Frost & Sullivan: A 10 Percent Yearly Rise in the Price of Branded Drugs Keeps the Indonesian NSCLC Drugs Market Afloat
JAKARTA, Indonesia, June 6, 2012 /PRNewswire/ — Branded NSCLC drugs in Indonesia cost almost three times as much as generic drugs. Their high prices are expected to compensate manufacturers for the decline in sales volumes, as generics is the first line and often, the only form of drug treatment for NSCLC in Indonesia.
New analysis from Frost & Sullivan (http://www.pharma.frost.com), The Non-small Cell Lung Cancer Drug Market in Indonesia, finds that the market earned revenues of $16.0 million in 2010 and estimates this to reach $26.0 million in 2015.
Branded drugs are sold at price-per-cycle and their volumes drop when the price-per-cycle crosses $850. As the price-per-cycle of generic drugs has not reached the $850 mark yet, their volume is expected to continue rising.
The prices of both generic and branded NSCLC drugs could see a spurt along with the increase in transportation and oil costs, since active pharmaceutical ingredients (APIs) are generally imported. However, the market will be sustained by the increasing incidence of NSCLC caused by the high rates of smokers.
“The percentage of adult male smokers has increased from 53 percent in 1995 to 66 percent in 2010; and while only 4.2 percent of adult Indonesian women smoke, their numbers have also increased from the 1.7 percent in 1995,” says Frost & Sullivan Research Analyst Poornima Srinivasan. “Furthermore, approximately 97.0 million non-smokers are routinely exposed to secondhand smoke (SHS) and 70.0 percent of children under the age of 15 are regularly exposed to SHS, expanding the market for NSCLC drugs.”
Eugene van de Weerd, Country Director, Frost & Sullivan – Indonesia notes that Indonesia also has one of the highest number of child smokers in the world, with 25.0 percent of children over the age of 3 having tried cigarettes. This is likely to cause the onset of tobacco-related illnesses, which includes NSCLC, to occur at earlier ages.
“In addition, cigarettes are relatively cheap and taxes levied by the government, at 37.0 percent of the sales price, are low in comparison to the global standard of 70.0 percent,” Eugene says. “Without higher cigarette sales taxes and comprehensive cigarette cessation programs, smoking rates will remain high in Indonesia and increase the likelihood of cancer.”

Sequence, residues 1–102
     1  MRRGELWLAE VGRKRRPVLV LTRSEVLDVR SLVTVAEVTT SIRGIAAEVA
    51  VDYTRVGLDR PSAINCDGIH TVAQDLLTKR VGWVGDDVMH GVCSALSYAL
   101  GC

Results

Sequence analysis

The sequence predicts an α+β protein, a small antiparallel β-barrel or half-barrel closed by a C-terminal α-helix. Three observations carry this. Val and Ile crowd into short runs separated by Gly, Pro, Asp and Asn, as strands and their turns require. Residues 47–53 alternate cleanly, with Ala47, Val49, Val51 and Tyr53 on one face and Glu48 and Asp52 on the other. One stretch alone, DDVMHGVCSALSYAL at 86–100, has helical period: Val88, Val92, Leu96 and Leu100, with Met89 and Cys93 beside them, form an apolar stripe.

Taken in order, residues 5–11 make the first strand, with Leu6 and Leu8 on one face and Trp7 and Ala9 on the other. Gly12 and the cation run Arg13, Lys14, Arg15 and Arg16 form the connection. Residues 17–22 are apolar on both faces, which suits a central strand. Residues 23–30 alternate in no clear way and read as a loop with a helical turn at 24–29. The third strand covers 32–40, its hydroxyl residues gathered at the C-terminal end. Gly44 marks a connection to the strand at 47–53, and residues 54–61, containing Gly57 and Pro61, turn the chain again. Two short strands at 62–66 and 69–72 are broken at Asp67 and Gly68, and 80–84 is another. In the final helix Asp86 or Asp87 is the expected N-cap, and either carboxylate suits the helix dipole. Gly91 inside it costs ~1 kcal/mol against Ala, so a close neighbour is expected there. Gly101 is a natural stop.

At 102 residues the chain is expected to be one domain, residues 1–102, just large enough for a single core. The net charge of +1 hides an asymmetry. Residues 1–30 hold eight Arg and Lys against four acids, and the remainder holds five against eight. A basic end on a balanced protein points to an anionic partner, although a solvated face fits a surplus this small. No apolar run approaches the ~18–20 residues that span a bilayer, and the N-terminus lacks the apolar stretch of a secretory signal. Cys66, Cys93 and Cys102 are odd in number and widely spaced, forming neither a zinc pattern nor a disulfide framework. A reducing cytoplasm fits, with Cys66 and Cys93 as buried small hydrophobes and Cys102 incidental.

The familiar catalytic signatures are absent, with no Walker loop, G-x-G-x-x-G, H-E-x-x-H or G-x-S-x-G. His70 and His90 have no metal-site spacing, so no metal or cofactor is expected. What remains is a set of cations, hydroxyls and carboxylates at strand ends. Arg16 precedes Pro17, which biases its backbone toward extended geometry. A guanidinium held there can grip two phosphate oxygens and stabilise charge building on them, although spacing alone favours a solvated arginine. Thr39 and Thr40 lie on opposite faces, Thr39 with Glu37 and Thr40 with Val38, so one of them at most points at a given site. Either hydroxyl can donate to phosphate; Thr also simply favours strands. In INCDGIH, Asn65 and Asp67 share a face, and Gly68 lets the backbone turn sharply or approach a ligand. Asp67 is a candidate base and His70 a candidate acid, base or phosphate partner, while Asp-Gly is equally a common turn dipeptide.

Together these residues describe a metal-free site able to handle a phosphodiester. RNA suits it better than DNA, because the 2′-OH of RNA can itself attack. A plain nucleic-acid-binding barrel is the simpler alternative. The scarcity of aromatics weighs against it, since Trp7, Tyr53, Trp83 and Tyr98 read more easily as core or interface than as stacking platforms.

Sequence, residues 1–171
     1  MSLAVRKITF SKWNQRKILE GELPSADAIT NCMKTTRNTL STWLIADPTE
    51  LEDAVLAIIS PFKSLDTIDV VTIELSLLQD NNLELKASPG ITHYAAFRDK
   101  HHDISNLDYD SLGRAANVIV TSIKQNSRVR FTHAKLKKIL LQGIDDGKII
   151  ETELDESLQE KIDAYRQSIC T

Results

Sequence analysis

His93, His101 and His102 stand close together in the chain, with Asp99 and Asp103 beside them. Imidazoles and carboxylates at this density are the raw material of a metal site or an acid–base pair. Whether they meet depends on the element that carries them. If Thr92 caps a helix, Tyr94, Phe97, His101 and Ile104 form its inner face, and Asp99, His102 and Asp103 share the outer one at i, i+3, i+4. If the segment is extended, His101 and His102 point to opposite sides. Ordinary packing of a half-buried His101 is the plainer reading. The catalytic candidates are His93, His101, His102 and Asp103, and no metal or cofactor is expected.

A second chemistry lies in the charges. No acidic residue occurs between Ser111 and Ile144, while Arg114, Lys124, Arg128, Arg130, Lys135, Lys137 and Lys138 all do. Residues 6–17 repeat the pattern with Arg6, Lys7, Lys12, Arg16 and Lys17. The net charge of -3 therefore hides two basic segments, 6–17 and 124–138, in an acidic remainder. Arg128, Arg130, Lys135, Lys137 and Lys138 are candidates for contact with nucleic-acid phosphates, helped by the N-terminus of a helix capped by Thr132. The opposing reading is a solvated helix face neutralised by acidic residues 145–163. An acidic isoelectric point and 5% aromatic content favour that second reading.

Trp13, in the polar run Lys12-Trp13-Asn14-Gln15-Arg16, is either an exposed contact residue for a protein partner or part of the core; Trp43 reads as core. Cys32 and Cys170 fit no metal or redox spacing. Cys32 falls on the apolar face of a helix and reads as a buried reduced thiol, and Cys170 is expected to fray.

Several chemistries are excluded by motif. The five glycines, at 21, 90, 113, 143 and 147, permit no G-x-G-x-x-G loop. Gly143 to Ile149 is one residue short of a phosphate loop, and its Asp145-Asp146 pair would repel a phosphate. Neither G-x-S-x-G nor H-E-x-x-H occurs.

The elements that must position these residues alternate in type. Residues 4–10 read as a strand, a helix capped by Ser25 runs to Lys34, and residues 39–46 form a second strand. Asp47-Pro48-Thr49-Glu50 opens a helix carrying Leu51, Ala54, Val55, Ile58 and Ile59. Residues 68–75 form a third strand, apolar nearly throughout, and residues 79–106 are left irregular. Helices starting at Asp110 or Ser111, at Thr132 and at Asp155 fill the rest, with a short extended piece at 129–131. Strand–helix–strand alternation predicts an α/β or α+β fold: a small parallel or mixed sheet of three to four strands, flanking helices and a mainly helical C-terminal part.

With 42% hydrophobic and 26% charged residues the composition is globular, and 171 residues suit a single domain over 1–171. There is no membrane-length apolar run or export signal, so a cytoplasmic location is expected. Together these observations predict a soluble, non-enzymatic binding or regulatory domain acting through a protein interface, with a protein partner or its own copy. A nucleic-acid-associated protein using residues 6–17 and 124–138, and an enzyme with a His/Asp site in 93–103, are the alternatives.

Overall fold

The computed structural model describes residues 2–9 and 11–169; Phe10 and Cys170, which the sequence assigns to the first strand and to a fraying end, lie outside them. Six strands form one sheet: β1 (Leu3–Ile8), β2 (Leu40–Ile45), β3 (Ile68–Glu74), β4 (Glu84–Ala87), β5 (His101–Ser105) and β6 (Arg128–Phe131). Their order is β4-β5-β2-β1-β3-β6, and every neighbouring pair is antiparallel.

Both patent expirations and the introduction of novel NSCLC drugs will widen the drug options for patients, even though the standard first line of therapy will continue to be a platinum-based generic chemotherapy combination. The NSCLC market in Indonesia will remain loyal to generic drugs due to the low level of patient affordability. While rising incomes will make private insurance affordable to the public in due course, currently, only 48 percent of the population has health insurance.
Healthcare expenditure has steadily increased, from $6.80 billion in 2006 to an estimated $19.80 billion in 2010. It is projected to rise to $33.80 billion in 2015, at a compound annual growth rate (CAGR) of 11.3 percent. Currently, only 13.0 percent of private sector workers have health insurance, but this is expected to improve with robust growth in the gross domestic product (GDP).
So far, pharmaceutical companies have been unable to tap the market’s potential, as inadequate screening programs and often innocuous early signs of the disease impede the likelihood of an early diagnosis. As most patients are in the advanced stages of the disease, only a small percent of patients are benefitting from drug therapy.
Greater healthcare access for patients and quality healthcare infrastructure will be necessary to persuade patients to seek therapy and render it unnecessary for wealthy Indonesians to travel abroad for treatment. Public private partnerships, along with private investments, will be crucial for the market to upgrade its facilities and expand.
“Sponsoring disease awareness programs that identify the risk factors and early warning signs of NSCLC is one way to encourage the undiagnosed to detect the disease early,” notes Srinivasan. “Also, developing strong relations with hospitals and clinics, along with a solid market presence, is essential to capture market shares in the Indonesian marketplace.”
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